As we recall those events, may we hold onto the teachings that He died for, the lessons that bring us closer to You and leads us to the joy of Your salvation. And may we, like Him, follow that path even when it becomes painful and difficult, to obey Your will.

Holy God, as we offer our praise and adoration, as we offer our joys and our concerns, may Your presence through the Spirit flow through us into Your world as we proclaim and live the better way, a way of love and grace through Your Son, Jesus Christ, who taught us to pray saying… Our Father, who art in heaven, hallowed be Thy name. Thy kingdom come, Thy will be done, on earth as it is in heaven. Give us this day our daily bread, and forgive us our trespasses, as we forgive those who trespass against us. Lead us not into temptation but deliver us from evil.  For Thine is the kingdom and the power and the glory forever.  Amen. 

Offering invitation

We want to thank all of you for your continued gifts that are helping us do ministry in different ways during these times.

Offering prayer:

Holy God, as long ago they laid cloaks on Jesus’ path, so we place our gifts on Your altar to help make a way for Jesus to enter hearts. Grant us the courage to stand with Christ when the road is hard, and the way is risky. We pray it the name of the Messiah and King! Amen.

Mark 11:1-10  Jesus’ Triumphal Entry into Jerusalem

11When they were approaching Jerusalem, at Bethphage and Bethany, near the Mount of Olives, He sent two of His disciples 2and said to them, ‘Go into the village ahead of you, and immediately as you enter it, you will find tied there a colt that has never been ridden; untie it and bring it. 3If anyone says to you, “Why are you doing this?” just say this, “The Lord needs it and will send it back here immediately.” ’ 4They went away and found a colt tied near a door, outside in the street. As they were untying it, 5some of the bystanders said to them, ‘What are you doing, untying the colt?’ 6They told them what Jesus had said; and they allowed them to take it. 7Then they brought the colt to Jesus and threw their cloaks on it; and He sat on it. 8Many people spread their cloaks on the road, and others spread leafy branches that they had cut in the fields. 9Then those who went ahead and those who followed were shouting,
Blessed is the one who comes in the name of the Lord!

10 Blessed is the coming kingdom of our ancestor David!
Hosanna in the highest heaven!’

Pastor Ron:  “IT WAS ALL FOR US”.   PALM SUNDAY, MARCH 28, 2021

            Welcome to Palm Sunday 2021. It is a celebration of that momentous day when crowds of people welcomed Jesus into Jerusalem as they sang, “Hosanna! Blessed is the one who comes in the name of the Lord.” They welcomed Jesus as their potential liberator from the oppression of Rome. They didn’t know that He came as their Savior from the ravages of sin and death.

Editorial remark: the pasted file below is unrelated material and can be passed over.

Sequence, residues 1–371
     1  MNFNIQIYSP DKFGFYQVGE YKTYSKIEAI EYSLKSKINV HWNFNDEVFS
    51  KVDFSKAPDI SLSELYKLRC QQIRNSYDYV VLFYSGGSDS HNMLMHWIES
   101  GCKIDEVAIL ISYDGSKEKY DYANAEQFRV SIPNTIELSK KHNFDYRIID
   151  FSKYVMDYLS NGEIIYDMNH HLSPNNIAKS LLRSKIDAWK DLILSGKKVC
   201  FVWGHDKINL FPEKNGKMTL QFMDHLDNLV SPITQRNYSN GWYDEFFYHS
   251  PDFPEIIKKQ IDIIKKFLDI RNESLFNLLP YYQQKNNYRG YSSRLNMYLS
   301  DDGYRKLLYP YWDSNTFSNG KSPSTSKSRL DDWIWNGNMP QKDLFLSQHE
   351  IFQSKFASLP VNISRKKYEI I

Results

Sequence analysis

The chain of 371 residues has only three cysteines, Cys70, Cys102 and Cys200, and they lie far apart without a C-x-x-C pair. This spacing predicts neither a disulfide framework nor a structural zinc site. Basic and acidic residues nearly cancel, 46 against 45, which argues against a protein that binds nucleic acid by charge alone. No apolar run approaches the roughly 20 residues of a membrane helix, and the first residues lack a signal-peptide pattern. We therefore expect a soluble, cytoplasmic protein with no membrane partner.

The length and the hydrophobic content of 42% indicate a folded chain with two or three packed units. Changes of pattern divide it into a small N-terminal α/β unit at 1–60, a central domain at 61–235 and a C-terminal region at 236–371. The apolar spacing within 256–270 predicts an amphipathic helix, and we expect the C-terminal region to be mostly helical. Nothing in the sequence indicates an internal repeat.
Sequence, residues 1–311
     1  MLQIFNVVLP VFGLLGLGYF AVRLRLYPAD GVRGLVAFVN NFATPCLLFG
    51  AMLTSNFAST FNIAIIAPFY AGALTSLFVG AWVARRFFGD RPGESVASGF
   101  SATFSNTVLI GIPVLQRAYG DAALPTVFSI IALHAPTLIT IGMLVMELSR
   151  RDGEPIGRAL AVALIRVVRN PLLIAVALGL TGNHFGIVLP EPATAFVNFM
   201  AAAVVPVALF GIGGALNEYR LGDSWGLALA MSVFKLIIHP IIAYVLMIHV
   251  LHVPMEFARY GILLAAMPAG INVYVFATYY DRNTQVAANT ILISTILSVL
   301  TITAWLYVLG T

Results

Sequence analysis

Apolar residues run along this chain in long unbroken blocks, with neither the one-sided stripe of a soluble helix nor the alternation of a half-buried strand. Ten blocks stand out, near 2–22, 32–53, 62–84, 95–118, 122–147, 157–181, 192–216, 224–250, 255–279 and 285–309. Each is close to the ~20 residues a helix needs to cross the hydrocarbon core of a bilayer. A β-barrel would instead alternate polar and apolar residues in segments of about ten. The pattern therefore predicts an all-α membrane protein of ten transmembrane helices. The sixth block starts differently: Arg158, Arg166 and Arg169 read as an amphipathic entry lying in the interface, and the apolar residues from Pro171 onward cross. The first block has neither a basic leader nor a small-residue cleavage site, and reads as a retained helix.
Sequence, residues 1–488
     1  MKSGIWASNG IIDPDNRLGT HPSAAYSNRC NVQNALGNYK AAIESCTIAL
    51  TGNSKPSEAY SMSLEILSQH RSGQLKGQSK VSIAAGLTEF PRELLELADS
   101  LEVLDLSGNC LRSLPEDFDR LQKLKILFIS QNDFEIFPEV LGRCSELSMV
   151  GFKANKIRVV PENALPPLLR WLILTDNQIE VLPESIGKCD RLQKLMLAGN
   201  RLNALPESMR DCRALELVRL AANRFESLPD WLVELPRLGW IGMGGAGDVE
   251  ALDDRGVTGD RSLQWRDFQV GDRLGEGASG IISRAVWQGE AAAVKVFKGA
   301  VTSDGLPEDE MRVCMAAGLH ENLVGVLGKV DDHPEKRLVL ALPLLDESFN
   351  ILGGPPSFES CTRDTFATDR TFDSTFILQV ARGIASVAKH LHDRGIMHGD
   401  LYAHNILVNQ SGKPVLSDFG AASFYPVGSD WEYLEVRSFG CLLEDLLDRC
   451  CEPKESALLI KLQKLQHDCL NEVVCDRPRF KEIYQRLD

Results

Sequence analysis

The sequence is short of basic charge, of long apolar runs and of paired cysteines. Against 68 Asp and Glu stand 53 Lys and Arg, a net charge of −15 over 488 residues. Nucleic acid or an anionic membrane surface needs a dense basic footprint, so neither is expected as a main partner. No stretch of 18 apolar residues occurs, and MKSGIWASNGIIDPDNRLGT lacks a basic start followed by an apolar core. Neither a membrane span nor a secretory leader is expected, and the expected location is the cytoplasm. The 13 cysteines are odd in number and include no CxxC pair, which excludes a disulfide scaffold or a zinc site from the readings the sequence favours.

Even more importantly, Palm Sunday helps prepare us for Holy Week, the last week in Jesus’ earthly ministry, culminating in His horrific crucifixion on Good Friday and His resurrection on Easter Sunday.

            Palm Sunday is the beginning of the most important eight days on the Christian calendar. Christ is welcomed into Jerusalem. But the crowds soon turn against Him. He has His Last Supper with His disciples, which Pastor Jenn will lead us in celebrating this coming Thursday evening. The week ends with His body broken on the cross of Calvary and His disciples fleeing in disbelief, only to have their world turned upside down when He begins appearing to them in His resurrected body. What a magnificent drama in these last eight days.

            Is it any wonder that millions of people over the ages have had their lives transformed by its power? A magnificent message is encapsulated in a very short period of time. It is the message of salvation. John explained it like this in the prologue to his Gospel: “He came to what was His own, and His own people did not accept Him. But to all who received Him, who believed in His name, He gave power to become children of God.” (John 1:11-12)

            Eight days to eternity. What does it all mean? More importantly, what does it mean to our lives, to you and me? Let me suggest three important themes that emerge from these eight days.

            First of all, we see the courage of Christ in the face of unbelievable cruelty. He knew it didn’t matter how many palm branches they threw at His feet that first Palm Sunday, the crowds would turn against Him. His head was not turned by the hosannas or the garments which covered the road. He knew what lay ahead. He had been sent with a purpose.